The transferred dataset contained the following information: address of tenant, date of filing, filing type (L1, L2, and/or L4), filing notice (N4, N5, N6, N7, N8, N12, and/or N13 form provided), and the preliminary outcome of the filing (which we chose not to use due to uncertainty regarding the ultimate outcome). L1 applications are filed to evict a tenant for non-payment of rent. L2 applications can be, but are not always, used to evict a tenant for reasons other than non-payment of rent (e.g., causing damage to rental units and overcrowding), which are specified within a filing notice. L4 applications can be used to evict a tenant who has not met the conditions of a mediated settlement order following the submission of an L1 or L2 application. Since we were primarily interested in evaluating changes in initial eviction applications, we omitted all L4 applications and any L2 applications that were not filed with the intention to evict. See Supplementary Material, Appendix B for more details.

This research was deemed exempt by the Unity Health Toronto Research Ethics Board.


We created seven study intervals to explore the potential impacts of each ban on eviction enforcement. These intervals encompassed the periods that the three bans—hereby referred to as treatment periods—were in effect, and four control periods that corresponded to the time before, between, and after the bans, estimated in weeks (Fig. 1). This approach allowed us to eliminate variation caused by day-to-day fluctuations but resulted in inexact intervals relative to the dates of each ban.

Fig. 1
figure 1

Study timeline

At the risk of underestimating the potential impacts of the second ban, we classified March 8, 2021, as the final date of the second treatment period to avoid potential spillover effects into the third control period and better power our analyses.


Many pandemic-related eviction bans exclusively applied to non-payment of rent; to maximize the generalizability of our findings, we examined L1 filing trends in isolation. However, we were also interested in how the ban on eviction enforcement influenced L2 filing trends for several reasons: (1) they can serve as “bad faith” alternatives to L1 applications; (2) landlords may have been more stringent about reducing crowding at a time when it also may have been more likely due to lost income; and (3) landlords may have been more likely to observe behaviours they believed warranted eviction due to their, or their tenants’, increased time at home.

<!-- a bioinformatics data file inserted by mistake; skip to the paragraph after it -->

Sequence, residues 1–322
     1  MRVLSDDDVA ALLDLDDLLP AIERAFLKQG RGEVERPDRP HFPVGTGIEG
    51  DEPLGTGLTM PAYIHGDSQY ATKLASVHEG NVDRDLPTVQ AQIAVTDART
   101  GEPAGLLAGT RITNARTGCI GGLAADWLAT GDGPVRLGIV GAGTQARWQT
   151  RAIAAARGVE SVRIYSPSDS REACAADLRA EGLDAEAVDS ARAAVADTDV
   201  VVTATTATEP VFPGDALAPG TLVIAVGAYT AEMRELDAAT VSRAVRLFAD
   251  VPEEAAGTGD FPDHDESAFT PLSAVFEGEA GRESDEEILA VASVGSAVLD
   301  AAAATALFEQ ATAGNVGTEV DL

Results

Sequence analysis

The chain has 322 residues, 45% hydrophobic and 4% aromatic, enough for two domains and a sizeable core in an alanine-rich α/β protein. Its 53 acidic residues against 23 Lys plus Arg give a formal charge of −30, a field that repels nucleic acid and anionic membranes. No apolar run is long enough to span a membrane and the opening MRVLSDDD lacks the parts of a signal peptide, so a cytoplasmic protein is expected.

We therefore calculated two outcome variables to support our analyses: the average weekly filing rate of L1 and L2 applications per 100,000 rental dwellings. Standardizing the filing rates helped to account for the changing number of rental dwellings throughout the study period.

We first calculated the number of L1 and L2 eviction applications that were filed each week throughout the study period. Next, we approximated the number of rental dwellings that existed during each week of the study period using Canada Mortgage and Housing Corporation’s (CMHC) 2016–2021 Primary and Secondary Rental Market Survey Data (CMHC, 2022a, 2022b). CMHC estimates the annual number of privately owned rental dwellings within jurisdictions of 10,000 people or more during the first 2 weeks of October. Using these estimates as annual benchmarks, we calculated and applied a constant weekly growth rate for each week of the study period. In the absence of the 2022 CMHC data, we used the 2020–2021 weekly growth rate to estimate the number of weekly rental dwellings from late October 2021 through January 2022. Finally, we divided the total number of weekly L1 and L2 applications over the weekly rental dwelling estimates and standardized per 100,000 units.


We used an interrupted time series (ITS) approach to estimate the potential effects of Ontario’s bans on eviction enforcement. ITS is a powerful quasi-experimental method that is well suited for clearly delineated treatment periods and routinely collected, evenly spaced outcomes data.

We first plotted the weekly L1 and L2 eviction filing rates to visually inspect time series patterns throughout the study period. Then, we employed two segmented regressions to gauge changes in the level (magnitude) and slope (trend) of weekly L1 and L2 eviction filing rates for each treatment and control period relative to their counterfactual. In this context, a level change corresponds to the immediate effect of a ban (or lifting of a ban) on filing rates, whereas a slope change corresponds to the sustained effects of the ban (or lifting of a ban) on filing rate trends throughout an interval. Models adjusted for seasonal variation, trends over time (captured by week), and the last week of December, which had considerably lower rates of eviction than any other week throughout the year. We used second-order autoregressive models to account for serial correlation among the weekly observations (Wagner et al., 2002).

Given the brief interlude between the second and third bans, we conducted two secondary analyses that combined intervals 4–6 using the same methodology described above. This approach increased our statistical power, thereby enhancing our ability to detect any meaningful changes in eviction rates throughout the study period.